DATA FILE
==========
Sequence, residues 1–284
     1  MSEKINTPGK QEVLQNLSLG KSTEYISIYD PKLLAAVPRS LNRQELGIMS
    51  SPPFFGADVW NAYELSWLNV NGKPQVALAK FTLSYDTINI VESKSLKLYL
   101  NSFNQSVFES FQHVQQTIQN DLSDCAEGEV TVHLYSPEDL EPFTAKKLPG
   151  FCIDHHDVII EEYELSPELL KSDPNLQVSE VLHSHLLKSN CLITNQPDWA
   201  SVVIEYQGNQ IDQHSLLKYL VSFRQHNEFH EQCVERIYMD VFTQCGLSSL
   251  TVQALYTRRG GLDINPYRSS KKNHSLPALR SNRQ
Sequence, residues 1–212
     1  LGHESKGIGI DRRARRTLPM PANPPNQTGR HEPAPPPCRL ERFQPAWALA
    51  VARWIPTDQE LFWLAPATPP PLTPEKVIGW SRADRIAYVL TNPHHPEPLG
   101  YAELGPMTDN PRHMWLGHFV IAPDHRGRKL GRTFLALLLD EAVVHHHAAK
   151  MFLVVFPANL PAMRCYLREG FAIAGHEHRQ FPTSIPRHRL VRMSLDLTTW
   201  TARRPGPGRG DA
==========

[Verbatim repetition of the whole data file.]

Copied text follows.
Sequence, residues 1–284
     1  MSEKINTPGK QEVLQNLSLG KSTEYISIYD PKLLAAVPRS LNRQELGIMS
    51  SPPFFGADVW NAYELSWLNV NGKPQVALAK FTLSYDTINI VESKSLKLYL
   101  NSFNQSVFES FQHVQQTIQN DLSDCAEGEV TVHLYSPEDL EPFTAKKLPG
   151  FCIDHHDVII EEYELSPELL KSDPNLQVSE VLHSHLLKSN CLITNQPDWA
   201  SVVIEYQGNQ IDQHSLLKYL VSFRQHNEFH EQCVERIYMD VFTQCGLSSL
   251  TVQALYTRRG GLDINPYRSS KKNHSLPALR SNRQ
Sequence, residues 1–212
     1  LGHESKGIGI DRRARRTLPM PANPPNQTGR HEPAPPPCRL ERFQPAWALA
    51  VARWIPTDQE LFWLAPATPP PLTPEKVIGW SRADRIAYVL TNPHHPEPLG
   101  YAELGPMTDN PRHMWLGHFV IAPDHRGRKL GRTFLALLLD EAVVHHHAAK
   151  MFLVVFPANL PAMRCYLREG FAIAGHEHRQ FPTSIPRHRL VRMSLDLTTW
   201  TARRPGPGRG DA